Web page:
We need comprehensive immigration reform that extracts a penalty for lawbreaking (to affirm the rule of law) but creates a clear pathway to citizenship. We need to follow the lead of Marco Rubio and the new rising star of the conservative movement Texas Senator-elect Ted Cruz to support the educational aspirations of children of illegal aliens, who came with their parents, were raised as Americans, and now find themselves with no country to call home. (Maggie Gallagher argues in National Review that religious conservatives in particular need to take the lead on this effort.)
Neutralizing the immigration question gives Republicans the opportunity to make conservative arguments to Hispanics based on life, marriage, religious liberty, entrepreneurship and the ideals of freedom which, like every immigrant community that the Republicans have absorbed, Latinos believe in overwhelming numbers.
So we need to talk beyond just securing our border (that must be done too), but it is time to discuss specific, comprehensive immigration reform and to take the lead on it.
3. Continue reaching out to the Black community – we did see a gain, two percent. Those gains are largely to do with a social conservative message and happened in spite of Romney not because of him. That work needs to continue. We also have to frame our economic message beyond just job creators. I know that Mitt Romney talked about the middle class, but he said very little about the working poor and those in poverty. I’m not trying to paint the Black community with a broad brush here, but it is obvious that the Republican’s economic message isn’t resonating. This isn’t going to happen overnight, but we must find away to frame our message of less spending and fiscal responsibility in a way that will connect with Black voters.
4. Talk about abortion, but do it wisely. Here is how we lost among unmarried women, from Becky Garrison writing at the Washington Post:
Furthermore, even though evangelical entities such as Christianity Today, the magazine founded by Billy Graham, agreed with Rep. Todd Akin (R-Ind.)(sic) and Republican candidate Richard Mourdock (R-Mo.) (sic) that ultimately, rape is a gift from God, voters chose to vote for candidates that will continue to protect women’s rights to control their own health care decisions. Also, initiatives failed in Florida that would have set new limits on abortion rights and repealed the state’s ban on public funding for churches and other religious organizations. (emphasis mine)
That is a mischaracterization that unfortunately uninformed younger voters heard loud and clear. Nobody said rape itself was a gift from God. Children are. Some Republican candidates may not make pro-life issues the forefront of their campaign, but the other side will and the media will be looking out for it. Be prepared for gotcha questions. Saying also you’re ok with exceptions except for the life of the mother – will alienate your base, again you can’t lose your base and win. Be smart whether you refuse to answer the question “why are you bringing up something that rarely occurs in the midst of this campaign? We have other topics that need to be discussed” or give some other answer, be ready. Jesus said we are to be as wise as serpents and harmless as doves, (Matthew 10:16). We’re not so good at that.
5. A bold economic vision that gives specifics on how to cut the debt. That is one reason why many loved Ron Paul. While I didn’t care for some of his other positions, enough so not to vote for him, his economic polices were spot on. Many people are concerned about the debt. We’re concerned about the value of the dollar. Our current course is untenable. Frank Cannon offered up some other suggestions that I liked:
In short, we’ve tried to convince people that we can cut taxes for job creators, i.e. small businesses and high-net worth individuals, and can get a handle on the budget through legislative action. The election proves this is not a winning argument.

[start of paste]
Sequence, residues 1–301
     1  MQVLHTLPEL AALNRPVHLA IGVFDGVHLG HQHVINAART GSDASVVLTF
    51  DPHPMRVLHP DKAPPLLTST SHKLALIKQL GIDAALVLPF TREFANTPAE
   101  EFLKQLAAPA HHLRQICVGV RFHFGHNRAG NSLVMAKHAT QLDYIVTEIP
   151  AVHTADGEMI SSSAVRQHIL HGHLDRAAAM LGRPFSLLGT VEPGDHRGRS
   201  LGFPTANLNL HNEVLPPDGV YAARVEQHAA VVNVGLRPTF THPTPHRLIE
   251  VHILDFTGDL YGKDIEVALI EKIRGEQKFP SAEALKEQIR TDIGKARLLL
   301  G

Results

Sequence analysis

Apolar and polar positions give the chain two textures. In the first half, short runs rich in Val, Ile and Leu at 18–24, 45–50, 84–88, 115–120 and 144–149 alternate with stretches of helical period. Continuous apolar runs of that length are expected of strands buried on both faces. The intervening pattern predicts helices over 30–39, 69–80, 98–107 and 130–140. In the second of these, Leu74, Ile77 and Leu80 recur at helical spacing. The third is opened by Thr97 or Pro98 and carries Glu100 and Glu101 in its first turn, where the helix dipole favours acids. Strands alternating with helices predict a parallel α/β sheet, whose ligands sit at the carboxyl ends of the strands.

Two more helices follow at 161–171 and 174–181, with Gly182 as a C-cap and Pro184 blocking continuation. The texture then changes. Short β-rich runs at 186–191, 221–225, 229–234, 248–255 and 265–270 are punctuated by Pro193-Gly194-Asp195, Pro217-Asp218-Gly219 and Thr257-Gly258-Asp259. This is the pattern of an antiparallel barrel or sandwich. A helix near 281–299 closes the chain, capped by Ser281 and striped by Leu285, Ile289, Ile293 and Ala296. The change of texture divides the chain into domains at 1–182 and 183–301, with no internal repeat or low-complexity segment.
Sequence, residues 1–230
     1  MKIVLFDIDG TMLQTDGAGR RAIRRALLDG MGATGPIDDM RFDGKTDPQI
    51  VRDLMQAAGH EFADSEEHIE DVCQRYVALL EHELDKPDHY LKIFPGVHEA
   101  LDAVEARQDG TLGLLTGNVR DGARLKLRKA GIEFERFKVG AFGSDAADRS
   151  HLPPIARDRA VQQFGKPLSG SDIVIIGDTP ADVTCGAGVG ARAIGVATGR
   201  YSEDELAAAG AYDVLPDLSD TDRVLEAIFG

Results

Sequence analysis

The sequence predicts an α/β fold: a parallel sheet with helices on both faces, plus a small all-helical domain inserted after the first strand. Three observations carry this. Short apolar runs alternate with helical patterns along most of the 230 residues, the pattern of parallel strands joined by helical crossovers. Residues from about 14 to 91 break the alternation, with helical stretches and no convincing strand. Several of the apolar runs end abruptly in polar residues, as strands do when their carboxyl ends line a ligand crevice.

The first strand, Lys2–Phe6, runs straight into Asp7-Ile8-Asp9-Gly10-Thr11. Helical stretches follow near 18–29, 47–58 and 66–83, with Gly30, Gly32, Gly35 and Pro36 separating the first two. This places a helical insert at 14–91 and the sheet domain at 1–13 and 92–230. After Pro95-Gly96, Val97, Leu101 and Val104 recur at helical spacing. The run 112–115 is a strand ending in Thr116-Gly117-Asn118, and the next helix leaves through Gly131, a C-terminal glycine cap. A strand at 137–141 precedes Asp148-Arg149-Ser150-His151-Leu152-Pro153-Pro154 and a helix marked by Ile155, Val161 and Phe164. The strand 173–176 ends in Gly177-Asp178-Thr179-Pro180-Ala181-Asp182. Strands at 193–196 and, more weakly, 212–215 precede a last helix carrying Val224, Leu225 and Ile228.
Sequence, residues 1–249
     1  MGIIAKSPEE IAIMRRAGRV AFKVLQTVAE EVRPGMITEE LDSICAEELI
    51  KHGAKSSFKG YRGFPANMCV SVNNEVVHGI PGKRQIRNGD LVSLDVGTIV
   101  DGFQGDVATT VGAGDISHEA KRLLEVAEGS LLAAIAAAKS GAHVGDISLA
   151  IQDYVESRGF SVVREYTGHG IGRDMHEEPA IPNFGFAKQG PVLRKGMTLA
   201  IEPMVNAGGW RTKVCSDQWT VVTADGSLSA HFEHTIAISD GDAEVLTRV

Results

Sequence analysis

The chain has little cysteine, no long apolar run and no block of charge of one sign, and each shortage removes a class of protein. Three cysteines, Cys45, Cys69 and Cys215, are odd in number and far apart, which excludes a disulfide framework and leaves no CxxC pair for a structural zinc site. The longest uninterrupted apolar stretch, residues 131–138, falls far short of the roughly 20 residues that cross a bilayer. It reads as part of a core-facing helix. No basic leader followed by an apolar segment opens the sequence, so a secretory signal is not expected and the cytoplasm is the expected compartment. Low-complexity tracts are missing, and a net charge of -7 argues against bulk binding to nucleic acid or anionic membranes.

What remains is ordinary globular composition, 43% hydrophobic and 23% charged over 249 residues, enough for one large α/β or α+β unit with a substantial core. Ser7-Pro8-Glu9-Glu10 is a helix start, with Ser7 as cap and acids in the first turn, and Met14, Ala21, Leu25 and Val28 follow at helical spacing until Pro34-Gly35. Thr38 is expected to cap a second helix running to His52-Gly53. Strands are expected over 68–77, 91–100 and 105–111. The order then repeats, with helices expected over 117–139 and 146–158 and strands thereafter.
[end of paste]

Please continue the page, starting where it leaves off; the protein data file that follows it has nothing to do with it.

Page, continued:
We need to shift to the unmentioned portion of the Reagan economic agenda, and look to a re-linking of paper money to gold.
In reality, and politically, only a program of monetary reform can cut through these various dimensions and provide a plausible case that government spending can be brought under control; that the political class will not accept the passive taxation of inflation brought on by out-of-control deficits; that wage-earners will not continue to fall behind and American families see their real income erode; and that steady and consistent growth will not be undermined by the fiscal policies of government.
We at APP have been making this argument for the last three years. I believe the election results confirm that a return to a gold-linked dollar is not only the most constitutionally sound economically prudent course of action, but it is politically necessary for the survival of the conservative movement.
No other mechanism provides the discipline to deliver to middle class voters the relief they are seeking from economic policies that encourage a chronic inflation that picks their pockets and reduces economic growth.
6. Educate, educate, educate. The youth vote will not turn around overnight. Much of this has to do with kids receiving little or no civics education. Also a lot has to do with maturity as well, again note the difference between married and unmarried women. I’m sure the same is true with men. While I was never a liberal I am far more conservative at 40 than I was at 19. Some will come around. We need education reform – not to indoctrinate kids – that’s already happening. Liberals won that battle. We need to either find ways to bring reforms to public education and bolster civics so we can have a better informed electorate with a basic understanding of economics or we find alternatives.
There is a spiritual aspect to this as well. Never before have we had leadership coming to age who have abandoned the notion of absolute truth. Never before have we had a large segment of our population embrace an entitlement mentality. A friend of mine said it best on Tuesday night when he wrote, “There is no explanation of the last few election cycles without a very accurate understanding of basic human nature and depravity.”
People are inherently selfish and will gravitate to people who give them what they want. We need to regain the culture and that doesn’t happen at the polls or in our seats of government. That happens among our friends, neighbors and our communities. Ultimately I believe we need a revival and that isn’t something we can orchestrate. Followers of Christ need to get on their knees and pray and share the Gospel wherever we can and whenever we can. It’s up to God to provide the fruit. I said on Monday that we live in a broken world. I believe that. So much of what we’re doing is being a preservative. But rest assured He’s in control.
So let’s get to work where we can. Pray for God to bless our efforts and that they will please him – there’s a lot of messaging that I hear among conservatives that I simply can not agree with. We need to speak truth, but as I have said before we need to do so in love, (Ephesians 4:15). We also need to pray about the things that are not in our control and pray for revival because we certainly need it.